(Gerald Mücke) #1

Hi all,

I have released version 1.2 of the mutation-analysis-plugin this morning under LGPLv3, download+source available on github: mutation-analysis-plugin

The previous releases have been developed under a commercial license/closed source of my company. But since the business outcome was below expectation, I decided to open source it, so that more people can benefit from it’s features and hopefully I’ll get feedback (bugs, feature requests…) from a broader project usage.

Now to the more complicated aspects.
The plugin originated in an early fork (+3yrs) of the sonar-pitest plugin but ended up in a complete rewrite of the plugin. Version 1.2 is the 3rd release.

Now, both plugins have kind of overlap, with sonar-pitest offering “just” a subset of the mutation-analysis-plugin. Additional features are individual rules per mutant (including documentation), a set of additional metrics and (experimental) maven-multi-module support, and a built-in quality profile, but it offers no Kotlin support.

For me the question is now, how to proceed?

For one, I would like to see the plugin being listed in the market place, which makes it more visible and installation more convenient to a wider audience. As far as I’ve understood, the plugin must meet the requirements and has to undergo a check by SonarSource staff. So what would be the next step in that direction?

But I would also like to team up with the developer(s?) of the sonar-pitest plugin efforts as it doesn’t make much sense to me to have two separate plugins with overlapping functionality.
I’ve seen the ownership of the plugin went to Vinod Anandan, who is not yet in this forum, and @Brad Flood is occasionally pushing minor updates to the plugin.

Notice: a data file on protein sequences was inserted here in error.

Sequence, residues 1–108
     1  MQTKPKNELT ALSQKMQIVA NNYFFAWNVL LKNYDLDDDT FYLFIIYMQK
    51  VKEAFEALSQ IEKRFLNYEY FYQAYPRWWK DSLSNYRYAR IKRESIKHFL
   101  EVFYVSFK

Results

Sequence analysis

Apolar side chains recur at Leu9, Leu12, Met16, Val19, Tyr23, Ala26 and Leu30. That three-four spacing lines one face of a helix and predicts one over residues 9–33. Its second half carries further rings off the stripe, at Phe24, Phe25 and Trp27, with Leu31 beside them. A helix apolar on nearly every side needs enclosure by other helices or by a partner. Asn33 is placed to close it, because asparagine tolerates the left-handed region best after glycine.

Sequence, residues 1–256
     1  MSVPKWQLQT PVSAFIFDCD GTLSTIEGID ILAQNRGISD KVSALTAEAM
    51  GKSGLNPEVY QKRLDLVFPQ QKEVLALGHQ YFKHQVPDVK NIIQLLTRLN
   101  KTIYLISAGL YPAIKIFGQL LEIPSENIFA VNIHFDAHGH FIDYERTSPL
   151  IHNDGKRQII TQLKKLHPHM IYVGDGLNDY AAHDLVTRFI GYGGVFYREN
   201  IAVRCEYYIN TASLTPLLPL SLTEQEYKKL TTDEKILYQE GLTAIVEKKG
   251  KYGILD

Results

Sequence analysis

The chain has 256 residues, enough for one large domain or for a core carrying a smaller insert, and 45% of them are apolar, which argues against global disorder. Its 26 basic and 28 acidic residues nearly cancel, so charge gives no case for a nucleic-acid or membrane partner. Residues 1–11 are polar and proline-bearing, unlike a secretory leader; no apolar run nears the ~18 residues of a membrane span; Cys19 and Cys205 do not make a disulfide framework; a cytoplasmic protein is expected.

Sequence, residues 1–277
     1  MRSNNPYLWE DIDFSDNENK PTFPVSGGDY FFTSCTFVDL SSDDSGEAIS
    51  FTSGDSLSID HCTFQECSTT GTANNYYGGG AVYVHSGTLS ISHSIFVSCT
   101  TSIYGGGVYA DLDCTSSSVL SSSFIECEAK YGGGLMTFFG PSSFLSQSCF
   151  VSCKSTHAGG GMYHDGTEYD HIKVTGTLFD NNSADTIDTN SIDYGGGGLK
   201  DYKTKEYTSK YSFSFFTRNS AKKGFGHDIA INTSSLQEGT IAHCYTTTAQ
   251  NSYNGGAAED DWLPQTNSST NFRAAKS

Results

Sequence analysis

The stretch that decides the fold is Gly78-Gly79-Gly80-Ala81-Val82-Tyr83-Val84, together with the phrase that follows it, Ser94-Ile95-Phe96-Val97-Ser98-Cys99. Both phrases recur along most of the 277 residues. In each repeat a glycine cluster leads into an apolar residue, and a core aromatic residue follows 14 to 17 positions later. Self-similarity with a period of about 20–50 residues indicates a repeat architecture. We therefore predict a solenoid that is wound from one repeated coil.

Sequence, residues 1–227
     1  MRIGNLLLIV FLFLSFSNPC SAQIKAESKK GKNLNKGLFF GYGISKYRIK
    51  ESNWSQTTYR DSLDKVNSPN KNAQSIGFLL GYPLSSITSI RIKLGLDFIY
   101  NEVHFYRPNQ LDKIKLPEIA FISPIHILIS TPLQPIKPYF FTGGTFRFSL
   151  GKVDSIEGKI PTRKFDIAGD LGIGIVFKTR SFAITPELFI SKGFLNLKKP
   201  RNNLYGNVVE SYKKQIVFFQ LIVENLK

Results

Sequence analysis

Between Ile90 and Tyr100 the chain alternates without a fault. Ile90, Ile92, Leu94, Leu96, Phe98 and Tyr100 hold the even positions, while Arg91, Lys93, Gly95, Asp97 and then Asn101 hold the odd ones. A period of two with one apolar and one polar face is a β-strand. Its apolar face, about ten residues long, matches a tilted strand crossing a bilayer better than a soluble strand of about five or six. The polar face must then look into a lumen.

My suggestion would be, to end the sonar-pitest plugin lifecycle with version 0.9 or have a final release of 1.0 or and then switch over to 1.2 of the mutation-analysis-plugin.

Any thoughts, questions or recommendations on this are much appreciated?


(G Ann Campbell) #2

Hi Gerald,

To start the process on getting your plugin added, you just have to ask for it.

I might have taken this message as an implicit request, but you seem to be choosing from 2 diverging paths, so I’ll wait for an explicit request.


(Brad Flood) #3

Hi Gerald,

We have no real objection to ceasing work on sonar-pitest-plugin and putting our effort into the mutation-analysis-plugin. The code looks good and I would welcome the improvements you’ve made since forking the project a few years back.

My only concern is related to transfer of the project if at some point your company stopped supporting it. We do need an actively maintained pitest plugin for use on client engagements.

It appears your intent is to bring this under the SonarQube Community guidelines. If I understand the community process, SonarSource would ultimately have the ability to transfer ownership in the event your company stopped being responsive.

Ann, can you confirm that there is (or can be) some control in place to guard against this project being abandoned?

If there is such a control in place, and if you intend to continue licensing under LGPL v3, we have no objection to the mutation-analysis-plugin replacing the sonar-pitest-plugin as the preferred (and only) pitest plugin in the marketplace.

And if this is the case, I look forward to working with you if you are ever in need of help!


(Vinod Anandan) #4

Hi Gerald,

I have the same view as Brad. We just want to make sure that the plugin will be maintained and the community can depend on it.



(Gerald Mücke) #5

Hi all,

I searched the plugin guidelines and found nothing regarding ownership transfer to/by SonarSource, apart from the deprecation notification.

I see two worst case scenarios:

  • Me or my company (it’s a one-man-show) is suddenly getting out of business for any unfortunate & unforeseen event and the repository is becoming effectively abandoned. In that case it might be hard to actively transfer the ownership without a deputy.

  • Me or my company decide to abandon the plugin and close source future versions of it. In this rather unfriendly case it’s up to the community to keep it running & maintained on a fork (same as above) with respect to the license.